Because there is a chance to earn some money by spreading word about the Vital credit card opportunity, some have wondered if it's a pyramid scheme. Thought I'd take a moment to clear this up.
What is a Pyramid Scheme?
You can't really know if something's a pyramid scheme unless you know how that term is defined, right? Let's start here:
There is a difference between a pyramid structure and a pyramid scheme.
Nearly every business in the world has a pyramid structure, even if it's just a small business owner and a receptionist. If the business works properly, the receptionist makes a relatively small, set salary while the business owner is making much more, in part on the work done by the receptionist.
Obviously corporations expand greatly on this, with executives making huge sums of money, directors making less, managers making even less, and so on down to the blue collar worker. Each higher level makes more in part off the backs of those lower down the line. This is a pyramid structure.
A pyramid scheme on the other hand is one in which money is passed up through a similar funnel, but where little or no value is being exchanged. In a legitimate business, each person is (ideally) creating value for a consumer, which is what brings money into the business. In a scheme, little or no value is being produced for the outside world; rather, people are enticed to take part solely on the idea that they could become part of a funnel where they are receiving more money (from those below them in the funnel) than they're spending (on people above them in the funnel).
In short, they get little to nothing in value for the money they're spending, except the hope that they can make money by spending money. This is the heart of a pyramid scheme.
Is MLM (Network Marketing) a Pyramid Scheme?
Understanding what a pyramid scheme really is, is network marketing (also known as multi-level marketing or MLM) a pyramid scheme?
Well, you need to go by the same standard. I've seen MLM schemes where very little of value was being offered to members. They were just being brought in with some nonsense product like an ebook of the month (and probably titles you could find for free online) and the idea that if they could bring in enough other people to buy the same nonsense, they could make money. I would qualify that as a pyramid scheme.
But many MLM companies offer real products with real value, so by definition they are not a scheme or scan.
This doesn't mean I necessarily like most of them. To be honest, I don't. I'm not a fan of startup fees, excessive monthly purchases, and complicated payment plans that not only make it difficult to calculate what you'll get paid each month but heavily rely on the work of other people to make much money. And in my experience, too few people are willing to work.
Vital is Not Really MLM and It's Not a Pyramid Scheme
So that brings us to the Vital opportunity. First, there's no cost to join and there's no monthly purchase. This clearly separates it from any kind of pyramid scheme.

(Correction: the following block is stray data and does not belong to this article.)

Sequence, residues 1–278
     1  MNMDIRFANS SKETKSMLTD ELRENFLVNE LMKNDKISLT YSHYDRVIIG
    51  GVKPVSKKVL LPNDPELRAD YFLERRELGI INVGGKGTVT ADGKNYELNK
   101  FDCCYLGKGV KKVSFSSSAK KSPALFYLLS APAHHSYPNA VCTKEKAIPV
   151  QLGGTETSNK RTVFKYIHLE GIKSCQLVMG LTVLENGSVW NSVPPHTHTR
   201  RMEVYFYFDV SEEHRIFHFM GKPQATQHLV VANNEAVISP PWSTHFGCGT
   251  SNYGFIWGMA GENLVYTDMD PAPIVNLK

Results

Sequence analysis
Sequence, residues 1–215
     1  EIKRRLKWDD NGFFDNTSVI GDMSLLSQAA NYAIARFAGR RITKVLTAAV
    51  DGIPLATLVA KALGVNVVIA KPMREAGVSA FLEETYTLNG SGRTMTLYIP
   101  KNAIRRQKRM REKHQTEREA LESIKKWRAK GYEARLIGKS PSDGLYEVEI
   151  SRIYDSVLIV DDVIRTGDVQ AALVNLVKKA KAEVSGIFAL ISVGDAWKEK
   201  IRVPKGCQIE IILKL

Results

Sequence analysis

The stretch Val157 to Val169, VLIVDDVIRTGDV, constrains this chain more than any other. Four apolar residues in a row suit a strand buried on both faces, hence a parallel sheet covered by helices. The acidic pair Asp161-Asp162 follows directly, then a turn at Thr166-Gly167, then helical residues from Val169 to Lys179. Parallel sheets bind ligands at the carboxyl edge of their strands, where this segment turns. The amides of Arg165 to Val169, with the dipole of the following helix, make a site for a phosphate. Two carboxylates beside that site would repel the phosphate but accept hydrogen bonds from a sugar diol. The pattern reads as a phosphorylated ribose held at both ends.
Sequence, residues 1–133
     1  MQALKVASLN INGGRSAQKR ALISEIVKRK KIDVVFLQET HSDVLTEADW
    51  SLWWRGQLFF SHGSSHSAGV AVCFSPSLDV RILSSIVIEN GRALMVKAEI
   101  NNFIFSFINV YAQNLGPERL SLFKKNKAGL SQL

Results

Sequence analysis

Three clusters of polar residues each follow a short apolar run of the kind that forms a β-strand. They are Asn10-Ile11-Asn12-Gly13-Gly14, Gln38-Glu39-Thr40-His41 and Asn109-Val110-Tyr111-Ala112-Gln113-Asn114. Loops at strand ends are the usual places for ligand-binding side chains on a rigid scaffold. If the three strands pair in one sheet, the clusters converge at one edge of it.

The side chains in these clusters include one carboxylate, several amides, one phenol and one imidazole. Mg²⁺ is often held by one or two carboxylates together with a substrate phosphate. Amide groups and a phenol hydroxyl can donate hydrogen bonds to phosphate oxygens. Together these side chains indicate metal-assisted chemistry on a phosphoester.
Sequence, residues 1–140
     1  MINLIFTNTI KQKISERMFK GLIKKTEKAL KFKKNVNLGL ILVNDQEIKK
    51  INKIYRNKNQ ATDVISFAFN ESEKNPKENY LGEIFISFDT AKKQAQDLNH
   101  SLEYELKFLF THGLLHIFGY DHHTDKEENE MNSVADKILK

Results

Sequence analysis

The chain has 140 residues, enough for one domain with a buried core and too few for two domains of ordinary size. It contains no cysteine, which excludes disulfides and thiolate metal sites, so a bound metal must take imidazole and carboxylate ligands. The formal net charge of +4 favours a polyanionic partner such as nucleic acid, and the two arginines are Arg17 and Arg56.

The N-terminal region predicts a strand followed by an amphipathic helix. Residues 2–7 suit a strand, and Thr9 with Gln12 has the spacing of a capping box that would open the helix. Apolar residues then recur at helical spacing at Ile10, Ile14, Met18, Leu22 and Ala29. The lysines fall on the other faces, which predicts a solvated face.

In fact, there are simply no costs to be involved, outside of shifting some of your current spending (at least $250) from another card to the Vital credit card. For instance, you can move insurance payments to Vital and right there you're meeting your qualifications without spending a single new dime on anything.
But on top of that, Vital isn't really MLM (multi-level marketing) at all. Not in my mind anyway. Multi-level? Yes. MLM? No. Here's why:
With no startup fees, no monthly purchases, and only a 3 level point system (extremely simple), Vital doesn't look like MLM at all. It looks like an affiliate program (something used by countless businesses including big names like Amazon). Just a 3-level affiliate program.
And most of the emphasis is on the work you do. You get 4 points for every active card member (spending at least $1/month on the card) you bring to Vital. You only get 2 points for those that your direct referrals bring, and 1 point for those that the next level brings. That's the entire plan. I've seen multi-level affiliate programs before, and that's what they look like.
(With Vital, you build up as many points as you can, which is sort of like "shares." The company divvies up 1% of ALL card members' spending each month, and everyone who's built up points and has spent $250 that month on their card get a portion according to how many points they have.)
Of course this may be splitting hairs with some people. Maybe you still see Vital as an MLM, and that's fine. Maybe you don't like it because of that (or maybe you love it because of that). That's fine too. But with no costs involved and a pyramid structure that's probably far more subtle than that of a corporation, it's very clear that Vital is nowhere close to a pyramid scheme.
Interested to get a Vital card and earn by sharing it with others. Click here if you'd like to work alongside me.
I'm an author and professional writer / marketer with an interest in gathering teams of those who want to learn, grow progressive businesses, have fun, and make a difference.